A “tailing tale” of J. W. Fassett

A Colorado Pioneer

By Maggie Magoffin

Born, reared and educated in Bureau County, Illinois, at the early age of 23 years, in the spring of 1859, J.W. Fassett struck out for the gold fields of Colorado. Driving a covered wagon with three yoke of oxen he crossed the Mississippi at Rock Island, passed through Iowa City and Des Moines to reach Council Bluffs, Iowa. Following a brief visit there, he crossed the plains via the Platte route with a party of several other Argonauts.

Arriving in Denver on June 16th, two days later the party camped their wagons along Clear Creek, just below Golden City. There they left their property in charge of a guard while Fassett and his comrades packed their blankets and provisions on their backs and started on foot for the Gregory mines.

After spending a week securing claims in Russell Gulch, they returned to their camp in Golden to collect their wagons, stock and belongings. Meanwhile, a rough road had been cut across the mountains from the Gregory diggings to Golden Gate, which the troop traversed to make their return to the gold fields. In ascending some of the steeper slopes it became necessary to attach as many as 15 yoke of cattle to a single wagon. In going down the opposite side, they cut a large pine tree and attached it to the rear of the wagon to hold it back from rolling over the team. In this manner they succeeded in reaching the gold diggings, an experience common to all who passed that way at the time. The cattle were then returned to the valley and placed on a ranch where they grazed during the summer and in the fall were sold for beef.

Fassett worked his claims in Russell Gulch and earned a substantial sum which he subsequently invested in enterprises on Quartz Hill. For a time, he ran a stamp mill in that location.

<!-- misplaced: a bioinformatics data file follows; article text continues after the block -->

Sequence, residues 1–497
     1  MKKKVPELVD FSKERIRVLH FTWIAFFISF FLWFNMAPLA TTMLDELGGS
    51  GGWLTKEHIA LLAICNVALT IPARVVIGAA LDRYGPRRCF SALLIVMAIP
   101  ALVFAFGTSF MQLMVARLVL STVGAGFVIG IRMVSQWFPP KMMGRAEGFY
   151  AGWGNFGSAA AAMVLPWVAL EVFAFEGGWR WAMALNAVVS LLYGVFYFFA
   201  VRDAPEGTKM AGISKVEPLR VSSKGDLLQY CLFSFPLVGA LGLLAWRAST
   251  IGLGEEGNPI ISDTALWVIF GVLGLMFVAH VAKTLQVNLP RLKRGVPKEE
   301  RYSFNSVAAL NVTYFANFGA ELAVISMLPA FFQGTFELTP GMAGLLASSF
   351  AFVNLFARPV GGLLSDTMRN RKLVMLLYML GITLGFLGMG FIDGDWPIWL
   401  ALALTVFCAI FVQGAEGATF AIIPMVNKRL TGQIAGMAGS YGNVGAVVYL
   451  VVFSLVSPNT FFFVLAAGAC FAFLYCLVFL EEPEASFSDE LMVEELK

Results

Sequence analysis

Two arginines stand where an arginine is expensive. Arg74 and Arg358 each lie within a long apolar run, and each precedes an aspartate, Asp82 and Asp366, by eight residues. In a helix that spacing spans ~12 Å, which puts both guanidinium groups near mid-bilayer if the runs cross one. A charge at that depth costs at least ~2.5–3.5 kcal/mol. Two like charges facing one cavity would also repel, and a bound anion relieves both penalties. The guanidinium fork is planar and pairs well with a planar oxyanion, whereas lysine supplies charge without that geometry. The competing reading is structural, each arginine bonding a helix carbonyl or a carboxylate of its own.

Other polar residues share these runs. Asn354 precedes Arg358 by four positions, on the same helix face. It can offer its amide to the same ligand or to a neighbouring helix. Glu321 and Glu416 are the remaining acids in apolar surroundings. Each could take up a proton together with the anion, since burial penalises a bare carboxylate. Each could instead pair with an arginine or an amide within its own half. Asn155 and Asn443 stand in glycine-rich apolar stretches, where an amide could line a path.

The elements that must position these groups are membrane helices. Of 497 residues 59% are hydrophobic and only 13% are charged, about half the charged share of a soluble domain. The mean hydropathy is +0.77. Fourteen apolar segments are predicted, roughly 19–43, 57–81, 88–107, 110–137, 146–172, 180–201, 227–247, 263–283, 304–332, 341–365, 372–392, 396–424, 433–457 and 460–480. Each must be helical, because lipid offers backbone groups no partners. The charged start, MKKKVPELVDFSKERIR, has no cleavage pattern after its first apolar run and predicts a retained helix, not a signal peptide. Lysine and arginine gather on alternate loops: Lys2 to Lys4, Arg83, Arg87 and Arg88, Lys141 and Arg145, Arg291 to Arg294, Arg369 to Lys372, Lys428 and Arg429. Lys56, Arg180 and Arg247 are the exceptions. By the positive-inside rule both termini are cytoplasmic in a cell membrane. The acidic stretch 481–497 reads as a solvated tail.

In the spring of 1862, Fassett relocated to Denver where he purchased 160 acres of land two miles from the center of the city which he cultivated until 1889. He then sold 80 acres to Donald Fletcher for $1,000 an acre. The remainder of land he retained and occupied. In 1891 he platted 40 acres as an addition to the city.

From 1863 to 1866 he engaged in a freighting enterprise between Denver, the mountain towns and military posts.

For 15 years Fassett served has a member of the Villa Park School Board.

From the sale of his original land purchase and other profitable ventures he built a considerable fortune. He married Nannie Janes who was born in Indiana in 1856 and on March 10, 1907 he died as a result of injuries sustained in a carriage accident. Nannie later relocated to Colorado Springs, Colorado.

Sources

  The Real Pioneers of Colorado, by Marla Davies McGrath. The Denver Museum, 1934

From Maggie

The first two books of my Misadventures of the Cholua Brothers series are available at Mountain Menagerie on Main Street in Central City, Colorado; at www.amazon.com, www.lulu.com, and www.barnesandnoble.com.

For past columns and other information on my speaking engagements, book releases, and events visit me at www.maggiempublications.com.

I’m always looking for interesting stories about Colorado pioneers and local folk instrumental in the founding and/or development of Gilpin County. If you have stories about family members or friends to share, please contact me at Maggie@maggiempublications.com or send snail mail to Maggie Magoffin, P.O. Box 746495, Arvada, Colorado 80003.

About Aaron Storms

Publisher & Managing Editor Weekly Register-Call
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